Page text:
Does the stockmarket still reward investors?
A client recently asked a great question: given that in recent years many investors haven’t been rewarded for taking risk in the stockmarket, do we think that this may continue?
When we invest our money in the stockmarket, we expect to get a higher return compared to investing in cash or bonds because we’re taking more risk and deserve to be rewarded – this is effectively the foundation of capitalism. In technical terms, we call the difference between the return on cash and the return on shares the Equity Risk Premium (ERP).
It’s also based on a simple, accepted principle – that risk and return are related.
Over the longer term, there is clear evidence that stocks provide higher returns than cash. However, there can be periods of time – quite long periods of time in fact – where this principle doesn’t hold true.
If we look at returns in the U.S during the period 2000 to 2009, 10 year Treasury bonds (which are effectively considered to be a risk free asset) outperformed the U.S stockmarket by 8.6% pa. That was quite a remarkable outcome, especially when you consider that over the 75 years leading up to 2000, U.S stocks had outperformed Treasury bonds by an average of 6.2% pa.
Several leading financial academics estimate that the average long term ERP is between 3.5% and 4.5% per annum . The compound effect of this higher return over time can be profound.
The absence of any reward for taking equity risk in the first decade of the century – due to the impact of the GFC – led some naïve commentators to suggest that we could no longer expect to receive a higher return for investing in the stockmarket. Some contend there is a ‘new normal’ and the future won’t be as bright as the past.
We disagree. There are a few key points investors need to remember.
First, one of the words in ‘equity risk premium’ is risk. So it’s never a sure thing. Investors didn’t get a positive return in the 1930s either, but you get the premium in most decades. Looking back, around 7 out of 10 years provides a positive return from investing in the stockmarket.
Second, the equity risk premium is really a function of how investors perceive the risk of being invested in stocks instead of cash. So the size of the premium is never static. When markets are volatile – as they have been recently – the ERP actually goes up to compensate investors for the higher perceived risk, whilst in strong bull markets the ERP actually falls.
Investors always become more risk adverse during recessions, when company earnings fall and unemployment rises. This is simple human nature. Given that we’ve just been through the second biggest global recession in memory, it’s understandable that some investors remain pensive about being invested in the stockmarket.
However, when stock prices fall, the possibility of higher company earnings when the economy recovers means that there is a higher expected return from holdings stocks. In fact, the expected return from stocks is actually lower when the economy is growing strongly, because this can be a forerunner to higher inflation, which translates into higher interest rates and slowing economic growth.
It’s an interesting conundrum that is illustrated in the following graph:
What has occurred in global stockmarkets over the past few months is a great reminder of this principle.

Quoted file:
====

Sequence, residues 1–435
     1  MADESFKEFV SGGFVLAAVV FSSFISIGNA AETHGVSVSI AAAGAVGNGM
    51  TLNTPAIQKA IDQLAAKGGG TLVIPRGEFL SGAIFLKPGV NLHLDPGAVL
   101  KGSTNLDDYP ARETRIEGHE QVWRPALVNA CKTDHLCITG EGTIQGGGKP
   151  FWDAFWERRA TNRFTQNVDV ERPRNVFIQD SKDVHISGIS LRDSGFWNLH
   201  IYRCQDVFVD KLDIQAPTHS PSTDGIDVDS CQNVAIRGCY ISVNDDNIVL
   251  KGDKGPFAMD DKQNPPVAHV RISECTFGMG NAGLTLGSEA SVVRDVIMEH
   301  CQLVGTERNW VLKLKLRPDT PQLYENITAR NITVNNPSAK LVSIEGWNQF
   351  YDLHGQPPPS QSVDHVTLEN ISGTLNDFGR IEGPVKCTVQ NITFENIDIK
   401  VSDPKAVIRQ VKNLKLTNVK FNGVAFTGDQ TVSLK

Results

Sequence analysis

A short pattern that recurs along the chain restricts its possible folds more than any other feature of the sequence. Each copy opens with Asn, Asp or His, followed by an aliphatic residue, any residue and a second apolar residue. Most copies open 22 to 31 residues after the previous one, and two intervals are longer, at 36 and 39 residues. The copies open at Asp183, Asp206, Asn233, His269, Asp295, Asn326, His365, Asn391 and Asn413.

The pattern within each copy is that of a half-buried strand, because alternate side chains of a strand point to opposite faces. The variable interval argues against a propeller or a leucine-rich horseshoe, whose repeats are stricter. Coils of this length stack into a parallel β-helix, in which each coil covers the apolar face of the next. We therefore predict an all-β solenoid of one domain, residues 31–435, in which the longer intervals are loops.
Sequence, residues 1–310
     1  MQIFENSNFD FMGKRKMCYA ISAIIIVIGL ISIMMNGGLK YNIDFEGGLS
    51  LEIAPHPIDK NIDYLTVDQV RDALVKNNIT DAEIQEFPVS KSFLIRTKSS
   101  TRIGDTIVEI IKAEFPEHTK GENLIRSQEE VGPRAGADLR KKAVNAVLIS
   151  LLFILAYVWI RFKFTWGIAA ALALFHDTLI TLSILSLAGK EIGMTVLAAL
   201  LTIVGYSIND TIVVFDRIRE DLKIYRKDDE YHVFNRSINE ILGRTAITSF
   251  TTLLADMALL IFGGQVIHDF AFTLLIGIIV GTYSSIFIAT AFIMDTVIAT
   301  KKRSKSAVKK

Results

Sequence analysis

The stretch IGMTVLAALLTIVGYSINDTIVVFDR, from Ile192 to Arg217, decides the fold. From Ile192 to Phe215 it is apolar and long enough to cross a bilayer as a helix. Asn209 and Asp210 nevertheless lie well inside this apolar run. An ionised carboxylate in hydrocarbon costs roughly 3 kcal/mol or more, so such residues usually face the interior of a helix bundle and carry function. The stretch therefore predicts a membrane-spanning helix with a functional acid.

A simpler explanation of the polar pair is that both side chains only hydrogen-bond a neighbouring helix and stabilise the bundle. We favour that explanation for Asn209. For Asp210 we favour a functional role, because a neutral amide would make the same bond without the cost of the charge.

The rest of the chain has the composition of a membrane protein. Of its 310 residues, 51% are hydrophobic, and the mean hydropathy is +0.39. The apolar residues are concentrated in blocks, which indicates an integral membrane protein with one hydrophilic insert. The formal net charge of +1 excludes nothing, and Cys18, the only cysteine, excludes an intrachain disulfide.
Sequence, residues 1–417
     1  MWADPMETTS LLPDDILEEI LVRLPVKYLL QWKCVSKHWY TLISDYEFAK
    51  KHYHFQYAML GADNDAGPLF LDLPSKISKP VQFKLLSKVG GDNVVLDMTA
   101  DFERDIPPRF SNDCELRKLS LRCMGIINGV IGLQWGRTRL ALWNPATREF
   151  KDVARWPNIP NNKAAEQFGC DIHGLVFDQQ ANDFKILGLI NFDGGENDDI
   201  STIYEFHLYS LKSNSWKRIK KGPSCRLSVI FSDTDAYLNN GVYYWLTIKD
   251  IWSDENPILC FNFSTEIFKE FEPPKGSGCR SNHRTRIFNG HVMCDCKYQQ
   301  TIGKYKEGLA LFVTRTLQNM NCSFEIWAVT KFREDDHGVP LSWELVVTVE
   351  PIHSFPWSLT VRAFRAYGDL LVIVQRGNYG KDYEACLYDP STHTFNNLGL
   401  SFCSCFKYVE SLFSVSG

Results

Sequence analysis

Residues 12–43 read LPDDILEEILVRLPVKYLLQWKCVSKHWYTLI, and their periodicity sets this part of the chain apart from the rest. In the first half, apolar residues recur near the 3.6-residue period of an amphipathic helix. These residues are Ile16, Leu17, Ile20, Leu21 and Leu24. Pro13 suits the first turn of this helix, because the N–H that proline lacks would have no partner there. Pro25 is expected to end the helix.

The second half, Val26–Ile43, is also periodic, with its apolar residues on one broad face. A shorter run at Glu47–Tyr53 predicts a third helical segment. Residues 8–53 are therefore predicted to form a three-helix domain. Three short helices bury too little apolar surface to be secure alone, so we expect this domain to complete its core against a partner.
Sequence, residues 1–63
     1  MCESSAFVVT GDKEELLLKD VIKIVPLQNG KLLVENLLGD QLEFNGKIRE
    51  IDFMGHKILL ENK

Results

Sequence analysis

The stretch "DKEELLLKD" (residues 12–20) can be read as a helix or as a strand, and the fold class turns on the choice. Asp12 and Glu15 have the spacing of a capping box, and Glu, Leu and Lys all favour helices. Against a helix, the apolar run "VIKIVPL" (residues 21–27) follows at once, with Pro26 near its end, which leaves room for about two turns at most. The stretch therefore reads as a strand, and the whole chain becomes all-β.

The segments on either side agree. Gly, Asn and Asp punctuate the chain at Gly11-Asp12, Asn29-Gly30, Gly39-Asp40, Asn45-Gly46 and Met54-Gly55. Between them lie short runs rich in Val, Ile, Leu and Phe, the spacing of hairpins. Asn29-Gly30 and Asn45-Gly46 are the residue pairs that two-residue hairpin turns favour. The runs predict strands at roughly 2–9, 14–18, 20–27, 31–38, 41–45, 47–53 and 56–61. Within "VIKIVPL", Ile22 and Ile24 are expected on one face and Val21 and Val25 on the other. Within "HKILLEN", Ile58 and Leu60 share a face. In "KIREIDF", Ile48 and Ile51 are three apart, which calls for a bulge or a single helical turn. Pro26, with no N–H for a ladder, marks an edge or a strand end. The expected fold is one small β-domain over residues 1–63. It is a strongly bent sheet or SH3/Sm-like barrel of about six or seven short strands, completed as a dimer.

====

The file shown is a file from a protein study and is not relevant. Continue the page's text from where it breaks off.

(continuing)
Although the U.S and European economies are not yet in full health, they are recovering – the European Central Bank has even declared that the worst of the Eurozone crisis is over . The market is now anticipating higher company earnings in coming years, which has resulted in 2012 delivering the best start for global stockmarkets since 1991. Investors who have been too focused on what’s happening in Europe and particularly Greece today and tried to shelter their funds in cash and bonds have missed out.
We have implemented strategies for various clients such as including strategies like minimum cash buffers equivalent to five years of annual cashflow needs in client portfolios to reduce the risk of events like Greece forcing them – particularly retirees – to sell stocks at distressed prices when markets are down. This helps to keep investors disciplined and maintain their exposure to stockmarkets even when human emotions cause them to want to sell out.
Finally, we need to remember that people are capable of great innovation. Every year, new ideas and industries are born, often rendering longstanding industries or companies obsolete. This is a reminder of the importance of diversification (remember the recent failure of Kodak).
For instance, we recently came across one new innovation that could have significant and immeasurable impact on manufacturing right around the world. It’s called a 3D photocopier, and we recommend you watch the following video on how it works:
In summary, we are absolutely confident that investors will continue to be rewarded for taking or capturing risk over the mid to longer term.
Author: Rick Walker
Note: This material is provided for information only. No account has been taken of the objectives, financial situation or needs of any particular person or entity. Accordingly, to the extent that this material may constitute general financial product advice, investors should, before acting on the advice, consider the appropriateness of the advice, having regard to the investor’s objectives, financial situation and needs. This is not an offer or recommendation to buy or sell securities or other financial products, nor a solicitation for deposits or other business, whether directly or indirectly.